The closest thing we’ll probably ever get to the Fallout experience on a mobile device
Fallout Shelter launched, after Bethesda’s first-ever E3 showcase, on June 14, 2015 for iOS and on August 13, 2015 for Android users, , according to GamePedia. The game is free-to-play and features in-app purchases.
For a mobile game, it’s built quite well in terms of its functionality and graphics. It also has the Fallout feel and look we’re used to seeing.
However, there is one thing that sets it apart from other mobile games. There aren’t a bunch of ridiculous timers and build materials that you either have to pay for — with real money — or for which you must sacrifice a chicken to Cthulhu and hope he is kind enough to allow you to find it in the game. Though it does feature purchasable in-game products, the game doesn’t force you to spend real money in order to succeed.
Welcome to your Vault-Tec Vault
You start out, like any mobile game, with the bare minimum resources. It walks you through a tutorial, which you can’t skip, even if you’ve played the game before. This is always a bit tedious. To be fair, the tutorial is short, straightforward, and unlike some mobile games, you can blow right through it in a minute.
In the tutorial, you’re welcomed to your own Vault-Tec Vault, as the overseer. If I’m honest, this gave me mixed feelings since some, if not all, of the overseers in the series were a bunch of power-hungry maniacs who allowed the Vault-Tec experiments to happen. But not every overseer was bad, I guess.
The tutorial walks you through the basics, such as assigning vault dwellers to rooms and collecting resources (water, power, food space and caps) that are generated from rooms. Heck, you even get to give your vault its own number, which I found to be a cool, yet simple feature.
Running Your Vault
To keep your vault going, you have to keep your vault dwellers happy, busy and safe. It’s pretty much a free-for-all on how you build the vault and what goes into it, but you have to be smart with space and resources. I’d also say that you’d have to be adventurous at times because you’ll have to go into the wasteland sooner or later. Well, maybe not, but it does make the game more interesting and it does help out a bit.
Almost every room in your vault does something. The power generator room provides power to the vault. The water pump room gives your dwellers water to drink. The diner gives your people something to eat. These are the three main resources. Manage them wisely and everything will, typically, be OK. Manage them poorly and you’re going to have yourself a bad time. I’ll be honest, I’ve been waiting awhile to work that South Park reference into something.
Sending your dwellers out into the wasteland can get them killed or they could find a bunch of useful equipment and caps. You’re also given a few challenges that will reward you with either caps or a lunchbox, which provides four vault cards. Each card in the lunchbox can contain virtually anything, from a rare item to a vault dweller.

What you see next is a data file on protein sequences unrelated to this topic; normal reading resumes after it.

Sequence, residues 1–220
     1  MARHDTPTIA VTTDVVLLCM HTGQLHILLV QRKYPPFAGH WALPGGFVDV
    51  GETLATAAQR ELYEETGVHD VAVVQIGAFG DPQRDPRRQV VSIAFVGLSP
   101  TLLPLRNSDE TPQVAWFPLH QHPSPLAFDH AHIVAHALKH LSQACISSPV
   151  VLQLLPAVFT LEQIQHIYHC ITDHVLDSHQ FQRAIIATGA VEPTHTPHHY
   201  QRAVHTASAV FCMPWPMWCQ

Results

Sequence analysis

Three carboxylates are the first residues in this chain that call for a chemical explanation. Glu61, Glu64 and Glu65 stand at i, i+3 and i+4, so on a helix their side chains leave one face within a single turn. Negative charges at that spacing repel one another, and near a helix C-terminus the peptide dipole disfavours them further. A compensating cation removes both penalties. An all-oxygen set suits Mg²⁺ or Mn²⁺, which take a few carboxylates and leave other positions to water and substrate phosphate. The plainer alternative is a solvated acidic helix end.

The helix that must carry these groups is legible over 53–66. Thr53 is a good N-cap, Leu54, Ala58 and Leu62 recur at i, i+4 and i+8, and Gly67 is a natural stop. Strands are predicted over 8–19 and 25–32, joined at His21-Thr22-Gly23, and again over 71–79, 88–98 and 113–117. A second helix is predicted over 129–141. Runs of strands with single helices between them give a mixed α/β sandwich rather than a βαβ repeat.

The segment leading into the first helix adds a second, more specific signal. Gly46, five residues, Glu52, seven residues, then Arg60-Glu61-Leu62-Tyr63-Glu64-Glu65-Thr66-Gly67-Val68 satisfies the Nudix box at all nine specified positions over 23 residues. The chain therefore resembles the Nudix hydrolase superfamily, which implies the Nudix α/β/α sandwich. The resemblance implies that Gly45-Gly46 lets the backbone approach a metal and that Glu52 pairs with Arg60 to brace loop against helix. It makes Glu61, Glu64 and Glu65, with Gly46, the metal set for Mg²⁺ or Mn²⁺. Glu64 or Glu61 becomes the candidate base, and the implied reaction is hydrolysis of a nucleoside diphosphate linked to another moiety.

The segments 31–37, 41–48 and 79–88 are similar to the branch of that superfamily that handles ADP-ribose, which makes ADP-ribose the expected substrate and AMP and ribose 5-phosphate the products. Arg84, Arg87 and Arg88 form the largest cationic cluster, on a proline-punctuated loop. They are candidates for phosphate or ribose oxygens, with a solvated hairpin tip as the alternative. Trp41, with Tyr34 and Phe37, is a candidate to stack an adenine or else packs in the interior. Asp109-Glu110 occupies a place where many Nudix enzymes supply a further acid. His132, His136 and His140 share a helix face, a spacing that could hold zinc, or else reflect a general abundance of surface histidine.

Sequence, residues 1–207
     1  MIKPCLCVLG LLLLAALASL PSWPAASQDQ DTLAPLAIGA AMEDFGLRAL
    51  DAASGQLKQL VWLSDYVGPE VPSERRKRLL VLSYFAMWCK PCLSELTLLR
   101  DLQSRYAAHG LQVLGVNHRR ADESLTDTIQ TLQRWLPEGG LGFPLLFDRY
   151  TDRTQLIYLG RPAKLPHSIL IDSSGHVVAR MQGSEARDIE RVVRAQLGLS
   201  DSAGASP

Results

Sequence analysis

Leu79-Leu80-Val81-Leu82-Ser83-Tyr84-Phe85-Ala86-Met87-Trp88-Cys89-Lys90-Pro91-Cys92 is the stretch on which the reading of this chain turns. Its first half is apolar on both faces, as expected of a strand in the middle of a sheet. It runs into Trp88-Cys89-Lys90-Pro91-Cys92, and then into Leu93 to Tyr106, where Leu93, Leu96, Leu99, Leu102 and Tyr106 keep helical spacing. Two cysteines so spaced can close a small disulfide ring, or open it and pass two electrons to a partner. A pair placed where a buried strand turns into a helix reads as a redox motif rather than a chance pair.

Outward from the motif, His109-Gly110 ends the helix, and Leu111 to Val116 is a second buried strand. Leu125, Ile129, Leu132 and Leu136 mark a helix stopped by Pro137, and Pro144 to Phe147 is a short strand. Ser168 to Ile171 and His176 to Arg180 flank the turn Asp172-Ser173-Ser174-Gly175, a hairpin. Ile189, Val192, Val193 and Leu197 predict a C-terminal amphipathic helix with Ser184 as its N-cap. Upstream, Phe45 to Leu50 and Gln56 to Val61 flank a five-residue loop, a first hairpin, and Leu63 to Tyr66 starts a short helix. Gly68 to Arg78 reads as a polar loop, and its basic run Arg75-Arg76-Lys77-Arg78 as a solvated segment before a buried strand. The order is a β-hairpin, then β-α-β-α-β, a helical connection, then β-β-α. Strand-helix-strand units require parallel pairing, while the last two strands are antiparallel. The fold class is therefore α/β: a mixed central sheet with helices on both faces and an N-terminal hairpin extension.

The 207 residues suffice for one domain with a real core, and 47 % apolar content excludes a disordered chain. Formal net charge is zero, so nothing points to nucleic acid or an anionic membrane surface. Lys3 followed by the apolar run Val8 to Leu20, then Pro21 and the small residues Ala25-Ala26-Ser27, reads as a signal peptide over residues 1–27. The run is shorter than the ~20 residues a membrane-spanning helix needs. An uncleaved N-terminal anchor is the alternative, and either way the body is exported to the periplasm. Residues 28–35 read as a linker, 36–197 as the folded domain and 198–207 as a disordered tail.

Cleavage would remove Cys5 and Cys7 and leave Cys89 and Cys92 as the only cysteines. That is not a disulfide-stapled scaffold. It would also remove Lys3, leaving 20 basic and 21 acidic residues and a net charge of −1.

Your vault can also be attacked by death claws, raiders, and can even suffer from rad roach infestations, molerats, fire or failure, due to a lack of a single or multiple resources(s). Dweller stats can be increased through the use of special rooms, such as the Armory, which increases their perception. The weight room works on their strength.
Finally, you’ve got to keep your vault growing, and that means your dwellers have to have babies or you’ve got to bring people from the wasteland into the vault. That’s assuming you aren’t finding rare dwellers in the lunch boxes, which you can purchase. For this, you’ll have to build a radio room, which increases the chance of new people finding the vault, as well as raiders.
The game does have one major problem from which I feel most mobile games suffer.
When you send your dwellers out and leave the game to its own devices, you often return to find them dead. That is to say that your resources will have been drained and your vault dwellers will be suffering from radiation poisoning. I must admit, I returned to find my vault filled with corpses. On some occasions, you’ll find them loaded with riches though.
Of course, you can use stim packs, assuming you’ve produced them or found them. The same goes for Radaway. You can also revive your dwellers using caps, which the cost of said revival will vary, based on their stats and level.
The main thing I’ll say is that the game is fun, at first, but it does start to become a bit tedious and lackluster after a while. Unlike the console Fallout games, there isn’t a lot that keeps me coming back to this game.
However, I feel like this is a great mobile game. It has a lot of features that people like myself want. There are no ads, no funky timers and no impossible resources you must gather. It’s fairly straightforward, but it’s not exactly the most casual mobile game. It wants me to spend hours, and even days, playing it. Honestly, that burns me out and turns me off to a game, especially when it starts to feel very repetitive to collect your basic resources and keep your vault running.
If I had to give the game a score, I’d give Fallout Shelter a 3.5 out of 5 stars. I’d recommend giving it a try if you haven’t already, but I’d say it’s not the fix you’re looking for if you’re trying to fill the Fallout void in your life.
So, what did you think of Fallout Shelter? Let us know in the comments section.
This article was originally published on Shortcut Gamer, where I contribute gaming news.